That particular Spanish GP is a hard one to forget, especially for those who played a starring role. It was Sunday 10 May, and at Jerez de la Frontera, 37 riders from four different two-stroke manufacturers lined up for the 250 race. Good times.

Not so good for Pierfrancesco Chili though, who was competing for team Valesi. With the unmistakeable number 7 Aprilia, the Italian got away well from the front row, having qualified fourth. It promised to be a great race.

And it almost was. The then 28-year old battled against rival Loris Reggiani, flaunting an inimitable riding style that was making the difference, particularly through the fast turns. But things then took a turn for the worse.

Second place thrown away


The race ran over 24 laps. Pierfrancesco had managed to break away from the chasing group, which included Reggiani. Convinced that the win was his, Chili slowed as he approached the finish line.

The theoretical finish line that is. Unfortunately for the Italian, there was a still 4218 metres, or rather one full lap, to go. Pleased with what he believed to be a second-place finish, Chili started to celebrate, only to see other bikes passing his Aprilia at full speed.

"What’s going on?" Realising that the battle wasn’t yet over, Frankie got back on the gas and made a final lap of the Jerez track. He did well to finish sixth, but he could have done so much more. The win ultimately went to Reggiani, followed by Bradl and Shimuzu, then Cadalora and Cardus. Frankie burst into tears once off the bike.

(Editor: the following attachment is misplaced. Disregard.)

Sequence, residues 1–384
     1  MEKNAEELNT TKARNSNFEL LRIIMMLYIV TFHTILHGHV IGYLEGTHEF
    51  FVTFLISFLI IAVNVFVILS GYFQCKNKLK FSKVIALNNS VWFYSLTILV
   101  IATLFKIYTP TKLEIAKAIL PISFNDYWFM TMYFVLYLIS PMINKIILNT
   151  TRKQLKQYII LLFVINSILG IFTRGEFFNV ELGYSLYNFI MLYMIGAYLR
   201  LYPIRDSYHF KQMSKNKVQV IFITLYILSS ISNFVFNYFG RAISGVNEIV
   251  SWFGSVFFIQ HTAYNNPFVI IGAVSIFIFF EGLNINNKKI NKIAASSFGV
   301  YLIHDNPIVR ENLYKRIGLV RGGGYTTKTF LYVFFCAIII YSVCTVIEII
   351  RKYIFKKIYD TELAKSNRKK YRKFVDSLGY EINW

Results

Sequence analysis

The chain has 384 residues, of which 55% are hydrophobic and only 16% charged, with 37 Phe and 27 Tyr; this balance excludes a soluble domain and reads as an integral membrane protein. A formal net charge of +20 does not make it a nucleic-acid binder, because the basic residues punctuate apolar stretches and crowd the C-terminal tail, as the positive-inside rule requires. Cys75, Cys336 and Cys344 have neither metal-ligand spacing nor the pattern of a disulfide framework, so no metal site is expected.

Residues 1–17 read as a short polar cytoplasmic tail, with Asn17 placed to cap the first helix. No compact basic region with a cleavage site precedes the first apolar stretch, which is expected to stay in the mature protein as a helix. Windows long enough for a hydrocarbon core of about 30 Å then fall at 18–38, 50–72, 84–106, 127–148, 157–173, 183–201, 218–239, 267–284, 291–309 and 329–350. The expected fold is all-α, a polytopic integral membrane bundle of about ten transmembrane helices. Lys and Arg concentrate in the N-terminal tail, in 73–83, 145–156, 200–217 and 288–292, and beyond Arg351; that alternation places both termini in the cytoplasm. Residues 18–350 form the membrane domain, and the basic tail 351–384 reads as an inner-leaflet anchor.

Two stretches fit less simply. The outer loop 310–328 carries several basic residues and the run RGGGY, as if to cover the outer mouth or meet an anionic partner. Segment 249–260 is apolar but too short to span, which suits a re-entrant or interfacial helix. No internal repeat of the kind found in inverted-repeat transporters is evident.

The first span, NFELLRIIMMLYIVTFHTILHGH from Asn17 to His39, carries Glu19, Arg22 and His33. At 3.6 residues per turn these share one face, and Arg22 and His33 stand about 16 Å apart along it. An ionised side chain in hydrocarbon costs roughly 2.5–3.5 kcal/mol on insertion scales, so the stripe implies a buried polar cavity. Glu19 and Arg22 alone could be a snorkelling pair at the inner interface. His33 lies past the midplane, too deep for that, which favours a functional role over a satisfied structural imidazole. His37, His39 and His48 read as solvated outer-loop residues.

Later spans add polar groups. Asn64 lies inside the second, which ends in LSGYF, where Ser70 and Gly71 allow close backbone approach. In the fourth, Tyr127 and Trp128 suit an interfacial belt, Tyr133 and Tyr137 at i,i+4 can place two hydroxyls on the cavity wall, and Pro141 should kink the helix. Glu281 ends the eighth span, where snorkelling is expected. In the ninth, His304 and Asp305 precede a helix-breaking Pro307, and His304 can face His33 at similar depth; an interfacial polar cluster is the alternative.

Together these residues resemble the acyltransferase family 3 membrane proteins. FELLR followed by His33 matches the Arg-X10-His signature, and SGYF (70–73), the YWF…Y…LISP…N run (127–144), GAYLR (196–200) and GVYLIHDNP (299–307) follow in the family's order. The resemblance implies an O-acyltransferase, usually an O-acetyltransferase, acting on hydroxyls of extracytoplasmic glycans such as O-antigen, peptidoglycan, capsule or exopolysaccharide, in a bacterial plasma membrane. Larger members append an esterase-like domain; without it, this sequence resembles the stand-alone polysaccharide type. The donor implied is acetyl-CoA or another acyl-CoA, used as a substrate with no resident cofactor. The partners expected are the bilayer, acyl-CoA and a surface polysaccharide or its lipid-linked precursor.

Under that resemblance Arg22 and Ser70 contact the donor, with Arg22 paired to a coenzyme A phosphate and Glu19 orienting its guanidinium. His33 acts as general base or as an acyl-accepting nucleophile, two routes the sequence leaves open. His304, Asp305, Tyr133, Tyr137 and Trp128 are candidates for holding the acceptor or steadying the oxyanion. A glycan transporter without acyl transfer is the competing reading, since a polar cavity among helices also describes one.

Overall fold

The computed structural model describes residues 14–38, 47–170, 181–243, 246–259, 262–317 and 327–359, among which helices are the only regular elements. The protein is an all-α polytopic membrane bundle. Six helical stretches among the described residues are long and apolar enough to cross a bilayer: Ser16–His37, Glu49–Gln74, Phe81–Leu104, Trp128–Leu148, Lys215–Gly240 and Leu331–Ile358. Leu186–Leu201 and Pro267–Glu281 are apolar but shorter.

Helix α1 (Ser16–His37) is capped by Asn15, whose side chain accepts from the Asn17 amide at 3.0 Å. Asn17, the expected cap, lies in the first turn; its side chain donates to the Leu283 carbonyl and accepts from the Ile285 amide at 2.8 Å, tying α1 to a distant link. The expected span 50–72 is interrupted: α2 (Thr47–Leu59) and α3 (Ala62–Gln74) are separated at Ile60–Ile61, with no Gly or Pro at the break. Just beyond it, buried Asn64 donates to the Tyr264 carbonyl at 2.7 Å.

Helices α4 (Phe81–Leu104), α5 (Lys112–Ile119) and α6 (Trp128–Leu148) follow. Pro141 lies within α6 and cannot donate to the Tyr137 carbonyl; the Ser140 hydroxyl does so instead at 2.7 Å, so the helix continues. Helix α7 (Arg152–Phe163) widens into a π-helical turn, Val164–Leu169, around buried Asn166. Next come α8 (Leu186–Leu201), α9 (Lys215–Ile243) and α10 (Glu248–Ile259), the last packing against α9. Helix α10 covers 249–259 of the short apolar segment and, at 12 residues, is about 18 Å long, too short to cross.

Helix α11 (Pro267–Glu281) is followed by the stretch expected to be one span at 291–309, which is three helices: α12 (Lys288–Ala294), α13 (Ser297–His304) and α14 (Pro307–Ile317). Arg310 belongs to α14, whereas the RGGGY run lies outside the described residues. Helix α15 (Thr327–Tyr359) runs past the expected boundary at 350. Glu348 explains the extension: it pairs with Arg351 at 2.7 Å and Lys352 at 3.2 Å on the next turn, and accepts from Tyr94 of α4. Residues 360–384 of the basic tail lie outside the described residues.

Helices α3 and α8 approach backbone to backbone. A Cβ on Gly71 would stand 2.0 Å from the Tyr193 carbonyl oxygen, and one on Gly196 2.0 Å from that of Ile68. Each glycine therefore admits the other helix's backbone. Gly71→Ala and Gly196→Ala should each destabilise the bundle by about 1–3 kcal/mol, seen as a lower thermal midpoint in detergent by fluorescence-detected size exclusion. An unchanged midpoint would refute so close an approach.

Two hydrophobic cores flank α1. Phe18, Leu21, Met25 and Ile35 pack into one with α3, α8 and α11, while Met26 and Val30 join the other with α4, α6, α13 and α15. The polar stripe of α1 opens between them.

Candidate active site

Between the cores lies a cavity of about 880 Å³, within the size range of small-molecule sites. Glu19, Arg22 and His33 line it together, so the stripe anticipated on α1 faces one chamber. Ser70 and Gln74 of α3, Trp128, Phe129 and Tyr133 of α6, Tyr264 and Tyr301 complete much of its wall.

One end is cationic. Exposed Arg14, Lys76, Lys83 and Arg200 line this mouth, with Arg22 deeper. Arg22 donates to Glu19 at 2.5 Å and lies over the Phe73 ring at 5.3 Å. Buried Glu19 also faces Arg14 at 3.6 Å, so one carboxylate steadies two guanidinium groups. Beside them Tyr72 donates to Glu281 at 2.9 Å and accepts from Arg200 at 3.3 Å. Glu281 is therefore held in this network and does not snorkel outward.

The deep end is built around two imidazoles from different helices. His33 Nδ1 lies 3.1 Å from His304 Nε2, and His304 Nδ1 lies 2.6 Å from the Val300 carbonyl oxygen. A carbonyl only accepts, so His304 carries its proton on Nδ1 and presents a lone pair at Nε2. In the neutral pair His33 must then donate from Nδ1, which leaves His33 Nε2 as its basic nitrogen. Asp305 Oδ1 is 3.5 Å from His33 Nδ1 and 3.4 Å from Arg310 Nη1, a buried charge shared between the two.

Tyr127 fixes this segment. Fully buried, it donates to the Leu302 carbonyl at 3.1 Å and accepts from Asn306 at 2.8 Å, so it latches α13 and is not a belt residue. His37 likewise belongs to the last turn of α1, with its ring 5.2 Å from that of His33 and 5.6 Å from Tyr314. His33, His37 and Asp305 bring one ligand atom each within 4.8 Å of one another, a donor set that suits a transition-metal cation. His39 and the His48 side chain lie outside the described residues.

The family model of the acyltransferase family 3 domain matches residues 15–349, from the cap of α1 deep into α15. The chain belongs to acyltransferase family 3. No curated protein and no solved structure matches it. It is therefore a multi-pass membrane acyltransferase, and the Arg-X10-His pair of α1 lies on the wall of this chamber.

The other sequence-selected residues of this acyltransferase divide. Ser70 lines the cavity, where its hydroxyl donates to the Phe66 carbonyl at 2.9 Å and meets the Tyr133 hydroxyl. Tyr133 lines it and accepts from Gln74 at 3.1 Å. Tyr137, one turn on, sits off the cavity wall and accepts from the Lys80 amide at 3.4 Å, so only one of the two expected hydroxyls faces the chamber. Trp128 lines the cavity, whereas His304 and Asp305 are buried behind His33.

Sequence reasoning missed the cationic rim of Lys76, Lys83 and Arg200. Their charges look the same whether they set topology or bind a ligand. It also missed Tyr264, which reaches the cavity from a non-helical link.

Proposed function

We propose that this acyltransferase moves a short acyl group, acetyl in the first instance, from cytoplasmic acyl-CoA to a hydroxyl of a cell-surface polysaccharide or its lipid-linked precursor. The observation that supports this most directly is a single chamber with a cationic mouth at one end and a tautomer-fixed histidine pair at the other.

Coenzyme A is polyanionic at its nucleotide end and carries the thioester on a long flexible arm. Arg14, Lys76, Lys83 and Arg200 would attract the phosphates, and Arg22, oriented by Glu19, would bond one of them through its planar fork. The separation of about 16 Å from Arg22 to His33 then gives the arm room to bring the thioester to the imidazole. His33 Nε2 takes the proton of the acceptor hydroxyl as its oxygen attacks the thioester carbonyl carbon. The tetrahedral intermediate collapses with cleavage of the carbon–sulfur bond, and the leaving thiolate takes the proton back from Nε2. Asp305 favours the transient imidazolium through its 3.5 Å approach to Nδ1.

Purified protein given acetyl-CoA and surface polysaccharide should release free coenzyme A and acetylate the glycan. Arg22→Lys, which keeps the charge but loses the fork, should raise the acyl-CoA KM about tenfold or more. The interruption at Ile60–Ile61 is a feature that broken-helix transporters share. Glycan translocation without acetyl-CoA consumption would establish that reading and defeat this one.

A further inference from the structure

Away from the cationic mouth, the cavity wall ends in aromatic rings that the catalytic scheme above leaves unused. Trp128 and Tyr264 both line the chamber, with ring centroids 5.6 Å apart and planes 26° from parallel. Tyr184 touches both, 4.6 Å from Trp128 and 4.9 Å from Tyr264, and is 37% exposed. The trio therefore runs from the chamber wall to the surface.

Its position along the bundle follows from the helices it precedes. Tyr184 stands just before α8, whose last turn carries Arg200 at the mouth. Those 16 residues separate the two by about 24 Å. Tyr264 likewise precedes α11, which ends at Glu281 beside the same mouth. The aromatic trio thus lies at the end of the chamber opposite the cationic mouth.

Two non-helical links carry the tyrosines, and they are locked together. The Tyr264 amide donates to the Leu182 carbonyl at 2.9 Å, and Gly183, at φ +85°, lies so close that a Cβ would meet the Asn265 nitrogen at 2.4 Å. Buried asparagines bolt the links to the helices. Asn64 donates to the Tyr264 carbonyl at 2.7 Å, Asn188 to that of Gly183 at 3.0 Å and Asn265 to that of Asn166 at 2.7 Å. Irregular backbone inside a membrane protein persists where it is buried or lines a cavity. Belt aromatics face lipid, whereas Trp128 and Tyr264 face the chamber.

Piefrancesco, a firm favourite


And so it was that Pierfrancesco stopped, celebrated (in vain), realised his error and then finished the race. His final result was solid, but not a podium finish, every rider’s goal.

He cried over what happened. But then smiled too, he himself joking about the episode at a later date. This, combined with his talent and particular ability to communicate joy and pain, is what attracted the public.

In both the world championship and SBK, Frankie would bring a significant crowd and would ensure they had fun, with his track antics, his look, his relationship with his rivals. Yes, Piefrancesco Chili was one of the sincerest figures in the paddock. And his Jerez tears would soon give way to smiles thanks to wins at Hockenheim, Assen and Donington.

Translated by Heather Watson

Hockenheim 1994, Biaggi to Romboni: “It's racing, not classical music”